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Pig Brig Hog Traps

Pig Brig Hog Trap System

Catch the Whole Sounder

What do you do if wild pigs have invaded your property and begun to destroy your land, your livestock or your livelihood?

Once you’ve seen signs of feral hogs, the only reliable way to protect your land is by eliminating them all - the whole sounder. Whether you are trying to protect a farm, a ranch, a neighborhood, a hunting tract, a fishing site or even a national park, Pig Brig® Trap Systems offers the most effective means for trapping wild hogs.

Our patented design is unlike any other. Instead of depending on you to stay up all night watching a field camera and then springing a remotely triggered gate, the Pig Brig Trap does the trapping for you. Wild hogs simply follow their rooting instincts right into the trap. Because the nets look and feel natural to wild hogs, they do not fear it. In fact, they follow each other in – one after the other, throughout the night. Big corral traps claim to be “multi-catch” traps because they can catch more than one pig at a time. But the Pig Brig Trap is not only multi-catch, it is a continuous catch – it traps pigs all night long.

Once inside, even the biggest boars stay trapped. Our patented design features double-walled, incredibly tough netting that gives, but never gives up. The Pig Brig Trap is field proven in some of the most difficult terrains around the world. From the biggest and nastiest hogs in Texas, to the elusive and invasive pigs of the south, farmers, ranchers and conservationists worldwide have put the Pig Brig Trap to the test as they seek to protect their herds from disease, protect against agricultural damage or conserve natural ecosystems.

Learn more about the threat of wild hogs, and how Pig Brig Trap can help protect you.

About Wild Hogs

Hogs Trapped by Pig Brig Trap System

Wild hogs are the largest and most destructive invasive species in the world. They are present on every continent except Antarctica (but, give them a chance, they’ll probably get there too.) First introduced into the United States in the 1500s, the number of wild pigs is now in the millions, and their population is growing at an alarming rate. They cause damage to farmland and native wildlife populations, and are identified as a nuisance in most states. A herd – or sounder – of wild hogs can drive away local game, create erosion problems that disrupt fishing, kill small and juvenile livestock and can lay waste to crops. In the United States, feral hogs account for over a billion dollars in farm damage and crop loss every year. In the last hog census, over half of the hogs in North America were active in the state of Texas. Hunting hogs with guns simply scatters the sounder. Hogs learn quickly and relocate based on hunting pressure. Pigs adapt to new environments and reproduce rapidly, which means scattering the sounder only increases their population and their impact on others. Complete sounder elimination by trapping them all is the only reliable means of feral hog management.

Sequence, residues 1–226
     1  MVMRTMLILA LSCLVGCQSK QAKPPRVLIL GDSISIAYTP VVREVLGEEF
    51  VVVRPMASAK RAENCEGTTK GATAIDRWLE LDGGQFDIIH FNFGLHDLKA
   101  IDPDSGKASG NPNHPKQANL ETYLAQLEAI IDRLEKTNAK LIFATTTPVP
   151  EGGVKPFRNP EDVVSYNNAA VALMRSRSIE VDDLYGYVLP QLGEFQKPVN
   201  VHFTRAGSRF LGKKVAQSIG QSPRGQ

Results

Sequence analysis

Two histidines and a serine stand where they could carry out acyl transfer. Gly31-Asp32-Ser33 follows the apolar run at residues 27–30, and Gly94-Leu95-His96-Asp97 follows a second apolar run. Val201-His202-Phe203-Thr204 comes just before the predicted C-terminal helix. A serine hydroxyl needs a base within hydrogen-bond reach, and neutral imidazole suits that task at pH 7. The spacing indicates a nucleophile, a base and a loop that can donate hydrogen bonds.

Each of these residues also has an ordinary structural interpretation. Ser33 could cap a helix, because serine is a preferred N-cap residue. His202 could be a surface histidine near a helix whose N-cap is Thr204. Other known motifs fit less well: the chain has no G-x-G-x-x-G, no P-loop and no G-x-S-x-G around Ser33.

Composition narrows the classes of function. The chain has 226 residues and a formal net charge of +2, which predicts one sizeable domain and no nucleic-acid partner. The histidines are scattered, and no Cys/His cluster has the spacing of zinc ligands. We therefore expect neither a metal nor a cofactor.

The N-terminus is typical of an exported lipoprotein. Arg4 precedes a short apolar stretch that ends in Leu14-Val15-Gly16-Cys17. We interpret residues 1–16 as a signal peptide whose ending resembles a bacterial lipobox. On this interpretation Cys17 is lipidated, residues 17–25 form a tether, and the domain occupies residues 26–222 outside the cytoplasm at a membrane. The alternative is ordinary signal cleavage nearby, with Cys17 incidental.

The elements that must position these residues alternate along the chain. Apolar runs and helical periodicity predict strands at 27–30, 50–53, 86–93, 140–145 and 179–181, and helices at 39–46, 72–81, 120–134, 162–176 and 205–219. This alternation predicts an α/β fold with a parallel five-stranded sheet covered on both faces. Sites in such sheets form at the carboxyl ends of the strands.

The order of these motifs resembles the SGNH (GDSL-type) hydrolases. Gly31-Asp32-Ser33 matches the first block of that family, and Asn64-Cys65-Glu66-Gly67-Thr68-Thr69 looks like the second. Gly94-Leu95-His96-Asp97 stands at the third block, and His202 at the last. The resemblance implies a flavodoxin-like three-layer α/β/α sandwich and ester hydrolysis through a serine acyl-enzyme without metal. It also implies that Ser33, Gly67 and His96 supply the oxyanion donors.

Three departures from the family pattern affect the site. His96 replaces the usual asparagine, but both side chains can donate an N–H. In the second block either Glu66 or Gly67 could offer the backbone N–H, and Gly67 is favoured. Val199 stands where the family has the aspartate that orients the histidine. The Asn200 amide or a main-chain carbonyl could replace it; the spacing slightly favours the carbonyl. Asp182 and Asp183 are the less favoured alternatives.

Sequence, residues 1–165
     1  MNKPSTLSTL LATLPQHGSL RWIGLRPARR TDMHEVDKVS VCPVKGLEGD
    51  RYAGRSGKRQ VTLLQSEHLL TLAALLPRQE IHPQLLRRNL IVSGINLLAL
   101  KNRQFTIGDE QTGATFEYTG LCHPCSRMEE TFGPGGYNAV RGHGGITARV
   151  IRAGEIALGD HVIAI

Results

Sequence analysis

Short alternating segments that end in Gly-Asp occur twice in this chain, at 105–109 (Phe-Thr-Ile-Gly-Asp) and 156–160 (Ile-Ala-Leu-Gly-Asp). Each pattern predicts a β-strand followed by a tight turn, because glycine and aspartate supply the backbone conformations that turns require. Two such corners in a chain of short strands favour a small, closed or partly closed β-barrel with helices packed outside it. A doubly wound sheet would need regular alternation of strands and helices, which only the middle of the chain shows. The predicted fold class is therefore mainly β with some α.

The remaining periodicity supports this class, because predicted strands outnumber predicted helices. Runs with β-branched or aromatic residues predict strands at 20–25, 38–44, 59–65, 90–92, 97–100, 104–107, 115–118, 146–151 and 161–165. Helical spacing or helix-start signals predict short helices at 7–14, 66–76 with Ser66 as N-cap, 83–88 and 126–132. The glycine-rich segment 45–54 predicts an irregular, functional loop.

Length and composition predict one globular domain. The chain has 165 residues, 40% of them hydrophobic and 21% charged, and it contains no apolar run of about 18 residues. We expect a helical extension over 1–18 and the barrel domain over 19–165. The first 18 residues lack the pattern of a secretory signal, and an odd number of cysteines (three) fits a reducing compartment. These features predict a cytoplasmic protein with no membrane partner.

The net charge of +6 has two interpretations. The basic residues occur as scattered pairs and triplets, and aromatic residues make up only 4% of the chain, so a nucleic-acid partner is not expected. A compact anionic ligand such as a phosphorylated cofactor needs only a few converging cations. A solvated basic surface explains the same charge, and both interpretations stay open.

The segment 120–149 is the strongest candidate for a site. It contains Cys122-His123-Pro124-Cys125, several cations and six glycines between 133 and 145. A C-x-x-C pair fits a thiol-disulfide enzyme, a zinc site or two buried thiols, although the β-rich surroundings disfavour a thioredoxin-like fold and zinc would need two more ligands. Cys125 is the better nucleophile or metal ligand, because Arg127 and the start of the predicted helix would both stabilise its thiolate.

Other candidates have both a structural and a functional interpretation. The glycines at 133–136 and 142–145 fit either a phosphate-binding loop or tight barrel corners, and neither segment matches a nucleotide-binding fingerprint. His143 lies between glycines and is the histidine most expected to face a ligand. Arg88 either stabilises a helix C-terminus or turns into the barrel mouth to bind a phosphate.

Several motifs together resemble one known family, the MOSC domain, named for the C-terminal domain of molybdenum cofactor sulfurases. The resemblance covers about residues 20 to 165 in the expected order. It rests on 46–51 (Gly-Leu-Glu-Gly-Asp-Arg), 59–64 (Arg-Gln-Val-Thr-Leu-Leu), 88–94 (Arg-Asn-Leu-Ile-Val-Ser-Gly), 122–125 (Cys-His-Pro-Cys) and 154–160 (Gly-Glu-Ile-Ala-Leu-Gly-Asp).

Feral Hog Population

There are an estimated 6 million feral hogs in the country. And that number is rising rapidly. They cause destruction to land across at least 35 states, and are now encroaching on urban areas.

How to Recognize the Presence of Feral Hogs

A distinct sign that there are feral hogs in your area is rooting. Rooting is the act of breaking up soil, exposing the underlayers to sunlight and piling soil up. Feral hogs root to find food. Rooting can leave farmland unusable and destroy a sprouting crop. Rooting removes the food sources deer and birds feed on and can ruin once abundant hunting lands. Rooting also leads to erosion. This affects streams and rivers and disrupts fish breeding and feeding areas. While not as visibly obvious, this behavior disturbs the soil, exposing vital microorganisms, killing them and disrupting the natural process that keeps the land fertile and productive.